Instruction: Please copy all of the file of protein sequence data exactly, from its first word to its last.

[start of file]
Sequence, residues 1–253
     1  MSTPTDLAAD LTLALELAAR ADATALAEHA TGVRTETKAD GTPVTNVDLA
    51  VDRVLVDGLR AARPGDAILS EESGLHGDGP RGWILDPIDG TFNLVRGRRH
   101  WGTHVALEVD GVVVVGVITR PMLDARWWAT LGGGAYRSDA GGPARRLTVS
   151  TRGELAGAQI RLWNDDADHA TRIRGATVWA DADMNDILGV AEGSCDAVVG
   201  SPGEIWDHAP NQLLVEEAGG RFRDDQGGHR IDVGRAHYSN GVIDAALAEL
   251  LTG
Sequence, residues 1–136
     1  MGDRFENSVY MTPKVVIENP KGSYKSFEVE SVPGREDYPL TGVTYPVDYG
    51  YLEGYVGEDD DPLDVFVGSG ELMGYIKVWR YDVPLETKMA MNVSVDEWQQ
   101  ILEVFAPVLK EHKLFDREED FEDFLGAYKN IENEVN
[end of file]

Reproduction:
Sequence, residues 1–253
     1  MSTPTDLAAD LTLALELAAR ADATALAEHA TGVRTETKAD GTPVTNVDLA
    51  VDRVLVDGLR AARPGDAILS EESGLHGDGP RGWILDPIDG TFNLVRGRRH
   101  WGTHVALEVD GVVVVGVITR PMLDARWWAT LGGGAYRSDA GGPARRLTVS
   151  TRGELAGAQI RLWNDDADHA TRIRGATVWA DADMNDILGV AEGSCDAVVG
   201  SPGEIWDHAP NQLLVEEAGG RFRDDQGGHR IDVGRAHYSN GVIDAALAEL
   251  LTG
Sequence, residues 1–136
     1  MGDRFENSVY MTPKVVIENP KGSYKSFEVE SVPGREDYPL TGVTYPVDYG
    51  YLEGYVGEDD DPLDVFVGSG ELMGYIKVWR YDVPLETKMA MNVSVDEWQQ
   101  ILEVFAPVLK EHKLFDREED FEDFLGAYKN IENEVN